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24
Apr
2019
Horseweed Making a Comeback……Again!
Author: Tom Barber, Extension Weed Scientist

By Tom Barber, Extension Weed Scientist

Horseweed (marestail) has always been an issue at spring burndown prior to planting.  In the early 2000’s, it became a much bigger problem in the Southern US by developing resistance to glyphosate (Roundup).  Horseweed can germinate and grow in a wide range of temperatures; it commonly emerges in the fall and spring months and depending on environmental conditions could germinate 10 months out of the year.  Optimum high and low temperatures for horseweed germination are 75oF and 52oF, respectively.  With that in mind considering the fluctuation of temperatures we have recently experienced in Arkansas, it is understandable why we are seeing another flush of horseweed after the initial burndown applications.  On a side note, this is also the reason that we recommend residuals with the early burndown applications to keep horseweed populations under control until planting.  Lots of questions coming in this week about how to control horseweed in emerging corn or what can be sprayed prior to planting with a short plant-back interval.

Horseweed is allelopathic to most crops grown in Arkansas and if left uncontrolled the first 8 weeks can cause significant yield losses.  Dicamba has traditionally been our go-to-herbicide for spring control of horseweed and with the current Plant Board restrictions it is still an option through May 25th. Traditional burndown programs include 0.25 lb ai/A of dicamba which is equivalent to 6.4oz Engenia or 11oz Xtendimax. However, if Xtend crops are going to be planted then higher rates (12.8 and 22oz/A respectively) of these products can be used and would be the best option for controlling these horseweed populations. Remember that all plant board restrictions must be followed even for burndown applications. If you have questions about these you should contact the Arkansas State Plant Board, the regulations are posted here:
https://www.agriculture.arkansas.gov/arkansas-dicamba-information-updates

Glufosinate (Liberty, Interline etc.) also provides good control of horseweed populations and can be sprayed prior to planting our major row crops. Control with glufosinate can be variable depending on daytime temperatures, and time of day applied as well as other factors that are important for any application such as coverage, so better coverage generally results in better control, 15-20 GPA is recommended.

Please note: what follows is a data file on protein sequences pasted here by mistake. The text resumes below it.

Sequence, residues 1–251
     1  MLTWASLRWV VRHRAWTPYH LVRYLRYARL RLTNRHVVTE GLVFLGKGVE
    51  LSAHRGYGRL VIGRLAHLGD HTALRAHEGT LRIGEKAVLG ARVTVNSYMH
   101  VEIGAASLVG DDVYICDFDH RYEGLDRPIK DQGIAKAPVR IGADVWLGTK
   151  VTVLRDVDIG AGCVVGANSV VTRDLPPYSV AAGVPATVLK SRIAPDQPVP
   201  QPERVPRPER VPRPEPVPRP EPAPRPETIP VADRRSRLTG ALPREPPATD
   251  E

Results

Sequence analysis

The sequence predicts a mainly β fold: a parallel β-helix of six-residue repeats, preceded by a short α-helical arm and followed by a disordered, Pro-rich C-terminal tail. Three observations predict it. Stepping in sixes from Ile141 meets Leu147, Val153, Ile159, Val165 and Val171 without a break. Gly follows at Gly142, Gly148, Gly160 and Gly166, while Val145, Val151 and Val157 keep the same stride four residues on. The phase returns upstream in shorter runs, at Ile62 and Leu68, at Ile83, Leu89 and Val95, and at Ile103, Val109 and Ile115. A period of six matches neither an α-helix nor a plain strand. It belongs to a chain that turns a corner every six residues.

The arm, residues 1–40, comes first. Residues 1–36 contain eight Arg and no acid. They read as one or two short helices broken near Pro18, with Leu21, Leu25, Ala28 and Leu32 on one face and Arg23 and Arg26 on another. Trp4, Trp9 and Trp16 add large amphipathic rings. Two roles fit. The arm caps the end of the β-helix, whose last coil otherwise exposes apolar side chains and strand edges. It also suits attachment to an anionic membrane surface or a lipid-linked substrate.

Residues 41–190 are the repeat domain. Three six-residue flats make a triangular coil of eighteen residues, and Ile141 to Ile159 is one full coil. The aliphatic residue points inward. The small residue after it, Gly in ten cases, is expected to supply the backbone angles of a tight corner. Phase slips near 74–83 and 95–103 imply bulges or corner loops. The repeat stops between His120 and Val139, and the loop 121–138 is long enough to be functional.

In addition to dicamba and glufosinate, Elevore (a new herbicide from Corteva) at 1oz/A also provides excellent control of glyphosate-resistant horseweed. Plant-back restrictions following an Elevore application are 14 days to corn, rice, soybean or sorghum, 30 days to cotton and 9 months to peanuts.

Corn:  If not emerged, 10-12oz of Verdict plus either Roundup or Gramoxone and 1% MSO is a good option. If corn is up it becomes a little more difficult.  This is generally the time where I would recommend 0.25lb ai/A dicamba to the POST mix of atrazine plus Capreno, Halex etc.  If this is not an option, adding either 2,4-D (where possible) or glufosinate (Liberty, Interline etc.) to the POST mix is probably the best option. Make sure that you have planted a Liberty Link hybrid before making any glufosinate applications.  2,4-D also has restrictions on where and how it can be used after April 15th. Check the Plant Board website above if you are not familiar with these rules.

Horseweed control in rice is not much different prior to planting, Roundup plus 3oz/A Sharpen is likely the best up-front option if planting immediately. Follow-up applications to kill remaining horseweed can be made after rice emergence with 2,4-D (where possible), Loyant or Regiment.

In soybean, if you are wanting to plant immediately and dicamba is not an option, Gramoxone (paraquat) 48oz plus 5oz of Verdict and 6oz of metribuzin is probably the best chance of taking out a majority of these horseweed escapes.  Glufosinate 40oz will have some activity but will be more consistent when temperatures climb into the 80’s.  So if temperatures climb to 80’s next week then swapping out Gramoxone for Liberty might be the best option. 
There are some preemerge products such as Surveil (Valor + Firstrate) that will provide additional control if used at planting.  If PPO-resistant pigweed is an issue, residuals such as metribuzin or Zidua should be added to Surveil for additional pigweed control. If horseweed populations persist after soybean emergence, options vary based on technology planted. Glufosinate can be used in Liberty Link and Enlist traited varieties, Enlist One or Enlist Duo in Enlist varieties and Engenia, Fexapan, Tavium or Xtendimax in Xtend traited varieties (depending on plant board restrictions). Firstrate at 0.6oz/A or two shots at 0.3oz/A will provide additional control in any technology.

In cotton if you are unable to spray dicamba, 40 oz/A of glufosinate is probably the best option. Gramoxone plus one of the PSII inhibitors such as Caparol, Cotoran or Diuron is also an option, but not as effective on larger horseweed. Coverage is critical with either of these and 15-20 GPA should be used with nozzles that produce medium size droplets. Glufosinate in most varieties will be an option early POST. Approved dicamba formulations (depending on restrictions) can be used in Xtend varieties through May 25th. Once the cotton reaches 5 true leaves, Envoke can be used regardless of variety planted.  Envoke has really good activity on horseweed but cotton injury can be more severe if sprayed prior to the 5-leaf stage. If Enlist cotton is planted, Enlist Duo or Enlist One will also provide decent control.


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